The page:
2021 NFL Draft Player Preview: Ja'Marr Chase

  • Ja'Marr Chase, 6-1/200

  • Wide Receiver

  • LSU

  • Ja'Marr Chase 2020 Preview
    By Charlie Campbell

    Career Recap: Chase was a top recruit coming out of high school, and it looked like he was going to head to Florida before a coaching change led to him landing with LSU instead of the Gators. In 2018, his first season with the Tigers, Chase was part of a rotation and the LSU passing attack was not the point machine it became a year later. Chase had 23 catches for 313 yards with three scores in 2018, but then he exploded as a sophomore.

    hase was the most dominant receiver in college football in 2019, destroying the SEC as the No. 1 wide receiver for Heisman Trophy winning quarterback Joe Burrow. Chase averaged 21.2 yards per reception over 84 catches for 1,780 yards and 20 touchdowns. His dominance helped other LSU receivers and tight ends to produce big seasons as well. LSU had a dream season, going undefeated and winning a National Championship; Chase was integral to the Tigers' success.

    2020 Season Outlook: Chase is going to see some good cornerback talent on his 2020 schedule, but quarterback play is going to be largest factor that determines how Chase's junior year goes. It will be interesting to see how LSU's passing offense performs after losing Burrow to the NFL.

    On Chase's 2020 schedule, there is a lot of good cornerback talent, and it starts in Week 2 with Texas' Jalen Green. In early October, the Tigers will go to the Swamp, and Florida has some future NFL cornerbacks in Marco Wilson and Kaiir Elam. In early November, the Alabama duo of Patrick Surtain II and Josh Jobe will challenge Chase. A week after the Crimson Tide duo, Chase will see South Carolina cornerback Israel Mukuamu. Then to end the season, Chase will see a nice test with Texas A&M cornerbacks Myles Jones and Elijah Blades. Thus, NFL scouts are going to have plenty of tape to evaluate of Chase taking on future pro competitors.

    Skill-Set Summary: While Joe Burrow had an incredible 2019 season and played extremely well, he had an amazing supporting cast with an excellent set of wide receivers, a first-round running back, and an experienced and talented offensive line. Of that amazing supporting cast, Chase was the best player, and you could make an argument that Chase was the best pure football player on LSU's team in 2019, as he was electric. He made a ton of big plays for Burrow, taking short catches for big gains and being a bail-out receiver to get open and move the chains when everything else was breaking down. Chase has the skill set and ability of a future No. 1 receiver in the NFL.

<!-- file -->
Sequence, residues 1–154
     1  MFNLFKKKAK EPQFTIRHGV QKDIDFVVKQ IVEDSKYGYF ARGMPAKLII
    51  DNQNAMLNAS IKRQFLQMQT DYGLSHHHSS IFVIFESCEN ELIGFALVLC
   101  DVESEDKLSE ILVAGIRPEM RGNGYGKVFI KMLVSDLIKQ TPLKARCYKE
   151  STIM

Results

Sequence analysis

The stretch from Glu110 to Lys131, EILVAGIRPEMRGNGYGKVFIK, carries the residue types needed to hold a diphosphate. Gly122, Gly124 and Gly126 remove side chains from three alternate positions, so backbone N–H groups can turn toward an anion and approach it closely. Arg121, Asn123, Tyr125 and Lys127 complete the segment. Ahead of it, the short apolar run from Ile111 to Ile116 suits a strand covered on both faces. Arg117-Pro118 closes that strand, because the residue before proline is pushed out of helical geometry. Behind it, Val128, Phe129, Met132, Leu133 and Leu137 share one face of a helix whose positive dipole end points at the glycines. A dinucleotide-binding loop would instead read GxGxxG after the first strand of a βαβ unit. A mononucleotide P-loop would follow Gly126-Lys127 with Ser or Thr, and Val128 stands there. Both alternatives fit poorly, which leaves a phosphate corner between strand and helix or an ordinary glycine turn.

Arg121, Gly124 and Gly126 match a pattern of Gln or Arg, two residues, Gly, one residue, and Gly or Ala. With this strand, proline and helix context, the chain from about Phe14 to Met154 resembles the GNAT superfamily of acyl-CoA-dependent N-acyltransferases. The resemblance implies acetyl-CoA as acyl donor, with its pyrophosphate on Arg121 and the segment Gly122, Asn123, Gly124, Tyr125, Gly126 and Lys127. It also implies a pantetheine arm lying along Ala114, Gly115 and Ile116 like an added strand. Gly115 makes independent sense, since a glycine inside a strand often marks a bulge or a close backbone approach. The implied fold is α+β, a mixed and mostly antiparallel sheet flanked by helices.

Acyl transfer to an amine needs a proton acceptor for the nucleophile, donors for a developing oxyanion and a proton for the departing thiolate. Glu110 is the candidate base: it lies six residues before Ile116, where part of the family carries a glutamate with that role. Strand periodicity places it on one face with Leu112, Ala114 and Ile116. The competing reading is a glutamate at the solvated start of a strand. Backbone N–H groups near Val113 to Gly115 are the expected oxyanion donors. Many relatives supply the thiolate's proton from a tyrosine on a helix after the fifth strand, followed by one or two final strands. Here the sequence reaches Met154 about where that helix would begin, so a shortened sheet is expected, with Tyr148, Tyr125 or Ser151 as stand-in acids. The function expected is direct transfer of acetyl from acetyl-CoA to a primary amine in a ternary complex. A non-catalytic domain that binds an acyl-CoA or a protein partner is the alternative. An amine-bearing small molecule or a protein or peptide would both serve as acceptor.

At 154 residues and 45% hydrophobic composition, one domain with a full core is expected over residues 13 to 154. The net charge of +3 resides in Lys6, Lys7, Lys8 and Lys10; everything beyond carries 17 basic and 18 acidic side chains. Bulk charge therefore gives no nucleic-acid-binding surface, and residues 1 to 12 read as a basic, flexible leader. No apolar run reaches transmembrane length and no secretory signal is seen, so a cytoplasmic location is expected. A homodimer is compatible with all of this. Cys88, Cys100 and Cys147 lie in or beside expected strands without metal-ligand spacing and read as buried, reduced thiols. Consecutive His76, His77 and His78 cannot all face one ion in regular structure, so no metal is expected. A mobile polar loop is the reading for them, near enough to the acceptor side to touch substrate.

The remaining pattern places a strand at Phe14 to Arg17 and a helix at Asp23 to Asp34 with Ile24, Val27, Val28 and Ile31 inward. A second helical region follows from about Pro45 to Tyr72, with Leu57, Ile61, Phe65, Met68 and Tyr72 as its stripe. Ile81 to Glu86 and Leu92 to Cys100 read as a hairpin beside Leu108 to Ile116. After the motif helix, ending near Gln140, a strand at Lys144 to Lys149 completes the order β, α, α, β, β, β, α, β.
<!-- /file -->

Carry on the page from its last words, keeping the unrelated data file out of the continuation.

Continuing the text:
The main things that stand out about Chase are his speed and his ability to separate. He has a burst off the line with sudden explosive speed to quickly generate separation from cornerbacks. Chase is fast through his routes, and defensive backs have a near impossible task of running with him. Even top cornerbacks like Florida's C.J. Henderson had some struggles to keep Chase from getting open in 2019.

    With his deep speed, Chase is a deep threat who can take the top off of a defense. He regularly burns a secondary while running a go route down the sideline or a slant across the field. In the NFL, Chase is going to command safety help over the top. He is a fast receiver similar to a Calvin Ridley or Jerry Jeudy, but he may not have the top-shelf speed to kill the combine 40-yard dash like Henry Ruggs, John Ross or Will Fuller. Chase's 40 will probably be very good, but it may not be record setting. Heading into his junior year, Chase looks like a better prospect than any of those players.

    On top of off-game breaking speed, Chase is a quality route-runner who is sudden in out of his breaks. Being fast and sudden translates to Chase being a dangerous yards-after-the-catch weapon. He is elusive in the open field and has good moves to dodge tacklers and vision to see openings for longer gains.

    Other parts of Chase's technique as a receiver are impressive. He high points the ball well and does a nice job on 50-50 passes even though he is not a receiver with mismatch height. With late hands, Chase does a good job of securing passes and is a reliable, natural hands catcher. He tracks the ball extremely well, and it looks almost impossible to overthrow him.

    In speaking to some team sources, they say that Chase's build is thicker than that of Jerry Jeudy or Calvin Ridley. So while he is not daunting from a size perspective, Chase is not undersized for the next level. Quickly in his NFL career, Chase could be an impactful receiver who is the engine of a dangerous passing attack.

    2021 NFL Draft Expectations: Entering the 2020 season, Chase looks like a future first-round pick. He has the potential to be a high first-rounder.



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